Barnet has the largest Jewish population in Britain and one of the highest proportions as a percentage of the total population. The Jewish population is 54,084 and represents 15.5% of the population, the highest in the United Kingdom. They have called the town home, playing games at Barnet Copthall's SToneX stadium, which was formerly a community sports stadium and is still used in this capacity thanks to the Saracens using mobile stands for their games. It should be noted that on March 16, 1190, on the eve of the Third Crusade, the Jewish population of York was massacred in the place where Clifford Tower is now located, and King Edward I of England approved the Statute of the Jews (Statutum of Judaism) in 1275, which restricted the activities of the community and, in particular, prohibited the practice of usury (interest collection).The first recorded Jewish community in Britain was brought to England in 1070 by King William the Conqueror, who believed that what he assumed were his commercial skills would make his newly-conquered country more prosperous.
Since 2000, Barnet City Council, together with the other 31 districts of London and the City of London Corporation, have shared local government powers with the Greater London Authority. The most Jewish county in the United Kingdom is Hertfordshire, with 2.23% Jews; it is followed by the City of London, with 2.06%, and Greater London, with 1.63%. Wingate is the last of them based in the district; Hendon and Edgware play in the Brent district, and Barnet F. The district was formed under the London Government Act 1963 in 1965 from the Finchley Municipal District, the Hendon Municipal District and the Friern Barnet Urban District of Middlesex and the East Barnet Urban District and the Barnet Urban District of Hertfordshire. There are, in total, more than 26,400 Jews in Hertfordshire, of whom 18,350 are in the district of Hertsmere, in the south-west of Hertfordshire, next to the Jewish areas of Barnet and Harrow.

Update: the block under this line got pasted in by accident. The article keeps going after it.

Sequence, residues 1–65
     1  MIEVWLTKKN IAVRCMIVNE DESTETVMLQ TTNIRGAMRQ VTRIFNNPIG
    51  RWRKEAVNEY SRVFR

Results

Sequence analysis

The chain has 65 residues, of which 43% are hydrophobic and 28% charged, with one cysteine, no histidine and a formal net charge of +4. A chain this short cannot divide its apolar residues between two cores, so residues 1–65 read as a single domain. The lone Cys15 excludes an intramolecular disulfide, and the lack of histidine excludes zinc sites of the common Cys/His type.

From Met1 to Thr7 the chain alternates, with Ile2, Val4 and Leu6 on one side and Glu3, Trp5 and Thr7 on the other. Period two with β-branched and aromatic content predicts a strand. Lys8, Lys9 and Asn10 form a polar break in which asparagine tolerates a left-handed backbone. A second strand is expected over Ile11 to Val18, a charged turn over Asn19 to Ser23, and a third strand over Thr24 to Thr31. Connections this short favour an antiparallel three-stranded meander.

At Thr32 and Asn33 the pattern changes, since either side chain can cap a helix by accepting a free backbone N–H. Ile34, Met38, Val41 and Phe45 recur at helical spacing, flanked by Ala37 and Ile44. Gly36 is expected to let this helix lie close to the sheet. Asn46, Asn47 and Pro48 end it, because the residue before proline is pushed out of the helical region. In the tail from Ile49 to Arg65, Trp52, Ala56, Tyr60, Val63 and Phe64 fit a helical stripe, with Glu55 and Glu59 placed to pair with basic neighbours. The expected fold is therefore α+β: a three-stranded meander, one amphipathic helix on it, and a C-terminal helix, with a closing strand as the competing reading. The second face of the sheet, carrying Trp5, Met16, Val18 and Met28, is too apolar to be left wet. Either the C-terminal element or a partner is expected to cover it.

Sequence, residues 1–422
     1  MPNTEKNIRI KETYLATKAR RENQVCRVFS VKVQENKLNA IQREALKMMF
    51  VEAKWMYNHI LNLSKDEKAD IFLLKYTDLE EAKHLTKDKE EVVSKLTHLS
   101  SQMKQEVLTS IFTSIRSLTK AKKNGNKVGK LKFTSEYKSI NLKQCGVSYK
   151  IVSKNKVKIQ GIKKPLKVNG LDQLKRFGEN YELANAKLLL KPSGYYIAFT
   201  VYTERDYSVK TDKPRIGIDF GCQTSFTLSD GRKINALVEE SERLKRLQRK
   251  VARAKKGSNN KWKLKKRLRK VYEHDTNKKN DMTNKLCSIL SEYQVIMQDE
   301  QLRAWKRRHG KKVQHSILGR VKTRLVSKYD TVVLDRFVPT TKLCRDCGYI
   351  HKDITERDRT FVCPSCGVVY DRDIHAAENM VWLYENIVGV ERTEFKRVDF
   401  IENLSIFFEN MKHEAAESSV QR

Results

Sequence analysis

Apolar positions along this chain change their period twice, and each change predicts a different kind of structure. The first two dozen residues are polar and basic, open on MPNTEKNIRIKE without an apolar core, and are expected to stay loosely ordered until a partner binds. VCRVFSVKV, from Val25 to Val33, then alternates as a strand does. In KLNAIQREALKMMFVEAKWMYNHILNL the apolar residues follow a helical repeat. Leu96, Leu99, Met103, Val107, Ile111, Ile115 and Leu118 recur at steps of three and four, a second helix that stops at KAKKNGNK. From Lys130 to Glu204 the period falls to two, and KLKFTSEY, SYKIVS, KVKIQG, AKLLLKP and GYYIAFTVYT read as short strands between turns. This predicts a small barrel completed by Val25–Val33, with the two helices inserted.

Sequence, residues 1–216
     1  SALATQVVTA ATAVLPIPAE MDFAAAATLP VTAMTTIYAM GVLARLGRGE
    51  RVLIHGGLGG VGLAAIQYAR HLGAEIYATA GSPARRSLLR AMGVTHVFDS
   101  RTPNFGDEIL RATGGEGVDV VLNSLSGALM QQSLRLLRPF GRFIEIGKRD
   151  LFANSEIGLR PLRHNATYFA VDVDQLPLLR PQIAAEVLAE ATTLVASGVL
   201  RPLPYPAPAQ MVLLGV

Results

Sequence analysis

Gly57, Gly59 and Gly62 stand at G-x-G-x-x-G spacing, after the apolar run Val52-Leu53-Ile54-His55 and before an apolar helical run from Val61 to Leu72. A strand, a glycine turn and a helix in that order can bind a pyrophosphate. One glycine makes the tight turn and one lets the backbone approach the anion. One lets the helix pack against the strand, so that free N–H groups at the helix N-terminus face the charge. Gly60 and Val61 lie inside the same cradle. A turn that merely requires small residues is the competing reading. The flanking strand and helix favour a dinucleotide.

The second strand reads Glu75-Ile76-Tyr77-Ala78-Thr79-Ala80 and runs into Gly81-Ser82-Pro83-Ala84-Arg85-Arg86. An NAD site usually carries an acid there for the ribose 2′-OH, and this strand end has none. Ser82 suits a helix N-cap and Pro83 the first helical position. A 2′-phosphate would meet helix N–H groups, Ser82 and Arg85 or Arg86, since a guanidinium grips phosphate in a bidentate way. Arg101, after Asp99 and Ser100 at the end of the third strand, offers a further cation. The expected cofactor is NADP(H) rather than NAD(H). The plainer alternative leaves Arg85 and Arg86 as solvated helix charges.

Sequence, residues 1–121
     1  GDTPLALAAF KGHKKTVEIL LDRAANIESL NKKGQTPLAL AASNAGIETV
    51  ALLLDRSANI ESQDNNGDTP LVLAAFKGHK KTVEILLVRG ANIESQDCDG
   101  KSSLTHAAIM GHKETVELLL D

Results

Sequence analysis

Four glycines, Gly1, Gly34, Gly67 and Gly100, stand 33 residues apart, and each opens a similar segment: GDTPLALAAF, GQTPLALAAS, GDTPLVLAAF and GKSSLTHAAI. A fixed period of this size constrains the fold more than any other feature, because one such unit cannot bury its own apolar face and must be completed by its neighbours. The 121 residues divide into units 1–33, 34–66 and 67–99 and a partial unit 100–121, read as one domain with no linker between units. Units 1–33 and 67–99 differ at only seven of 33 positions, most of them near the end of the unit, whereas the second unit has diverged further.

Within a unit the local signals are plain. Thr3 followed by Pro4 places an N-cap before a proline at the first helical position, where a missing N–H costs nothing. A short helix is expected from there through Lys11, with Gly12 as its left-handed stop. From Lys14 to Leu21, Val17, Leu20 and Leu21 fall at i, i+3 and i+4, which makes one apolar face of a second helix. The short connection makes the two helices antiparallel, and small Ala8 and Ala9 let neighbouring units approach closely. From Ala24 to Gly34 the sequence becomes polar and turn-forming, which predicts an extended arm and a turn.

The least Jewish county or main area in England and Wales is Merthyr Tydfil, which has less than 0.01% of Jews despite having once had a significant community. One of the most famous Jewish schools in the country is the state-funded JFS in London, which opened its doors in 1732 and has about 2100 students. In 1656, Oliver Cromwell made it clear that the prohibition of Jewish settlements in England and Wales would cease to apply, although when Rabbi Manasseh Ben Israel submitted a petition to allow the return of Jews, most of the Protectorate Government rejected it. A trickle of Ashkenazi immigration, mainly from German countries, continued from the late 17th to the early 19th century, before a second wave of Ashkenazi immigration, a great wave of Ashkenazi Jewish immigration fleeing persecution from the Russian Empire such as pogroms and May Laws between 1880 and 1905 when stricter immigration restrictions were imposed. In late 19th and early 20th centuries there was a considerable increase in number of Jews due to exodus from Russia which resulted in formation of large community in East End London. This led to Anglo-Jewish women constantly keeping breads, bagels and potatoes at home. The oldest Jewish community in Great Britain is Spanish and Portuguese Jewish community which dates back to 1630s (when it existed clandestinely before readmission) and was unofficially legitimated by 1656 when Jewish community considered readmission to England (which at that time included Wales).
The municipalities of Hertsmere and Barnet are most Jewish local authorities in England with Jews representing one out six and seven residents respectively.